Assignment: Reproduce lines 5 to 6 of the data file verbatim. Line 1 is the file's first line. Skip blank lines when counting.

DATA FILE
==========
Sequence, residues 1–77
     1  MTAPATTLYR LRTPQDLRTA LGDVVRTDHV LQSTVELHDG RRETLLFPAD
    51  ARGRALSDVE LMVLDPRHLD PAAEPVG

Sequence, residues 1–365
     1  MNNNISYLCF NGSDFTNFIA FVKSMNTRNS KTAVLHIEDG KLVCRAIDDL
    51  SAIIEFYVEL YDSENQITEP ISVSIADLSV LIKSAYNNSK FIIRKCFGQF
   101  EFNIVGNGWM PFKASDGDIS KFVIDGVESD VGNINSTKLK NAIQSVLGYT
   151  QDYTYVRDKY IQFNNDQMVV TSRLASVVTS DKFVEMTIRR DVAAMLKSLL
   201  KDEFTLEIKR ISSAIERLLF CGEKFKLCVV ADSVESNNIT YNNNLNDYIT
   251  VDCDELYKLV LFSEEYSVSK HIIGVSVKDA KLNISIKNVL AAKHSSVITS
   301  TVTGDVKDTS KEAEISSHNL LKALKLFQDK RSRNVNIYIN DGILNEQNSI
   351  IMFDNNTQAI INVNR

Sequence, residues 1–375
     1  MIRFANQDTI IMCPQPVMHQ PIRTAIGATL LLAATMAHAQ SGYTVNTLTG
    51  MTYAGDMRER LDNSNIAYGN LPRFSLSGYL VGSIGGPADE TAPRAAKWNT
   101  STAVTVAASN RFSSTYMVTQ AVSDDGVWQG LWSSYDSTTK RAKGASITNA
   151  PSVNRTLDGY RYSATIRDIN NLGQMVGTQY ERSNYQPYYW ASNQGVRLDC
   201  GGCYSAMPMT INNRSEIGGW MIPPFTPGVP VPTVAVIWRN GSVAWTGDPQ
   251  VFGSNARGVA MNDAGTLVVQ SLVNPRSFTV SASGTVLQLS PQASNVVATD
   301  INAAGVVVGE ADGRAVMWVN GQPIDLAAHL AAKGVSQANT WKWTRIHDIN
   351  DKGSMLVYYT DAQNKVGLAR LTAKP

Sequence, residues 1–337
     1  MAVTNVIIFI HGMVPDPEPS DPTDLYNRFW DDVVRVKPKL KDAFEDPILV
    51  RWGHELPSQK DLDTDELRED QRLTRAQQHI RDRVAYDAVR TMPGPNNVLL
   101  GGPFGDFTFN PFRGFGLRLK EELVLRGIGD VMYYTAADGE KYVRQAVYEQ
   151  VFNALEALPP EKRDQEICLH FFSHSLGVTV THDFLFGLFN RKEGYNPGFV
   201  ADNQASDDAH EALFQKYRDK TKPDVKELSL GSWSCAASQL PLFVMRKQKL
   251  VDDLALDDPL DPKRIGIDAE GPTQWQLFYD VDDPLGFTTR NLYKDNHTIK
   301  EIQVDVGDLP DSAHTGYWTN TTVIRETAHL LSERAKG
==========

     1  MNNNISYLCF NGSDFTNFIA FVKSMNTRNS KTAVLHIEDG KLVCRAIDDL
    51  SAIIEFYVEL YDSENQITEP ISVSIADLSV LIKSAYNNSK FIIRKCFGQF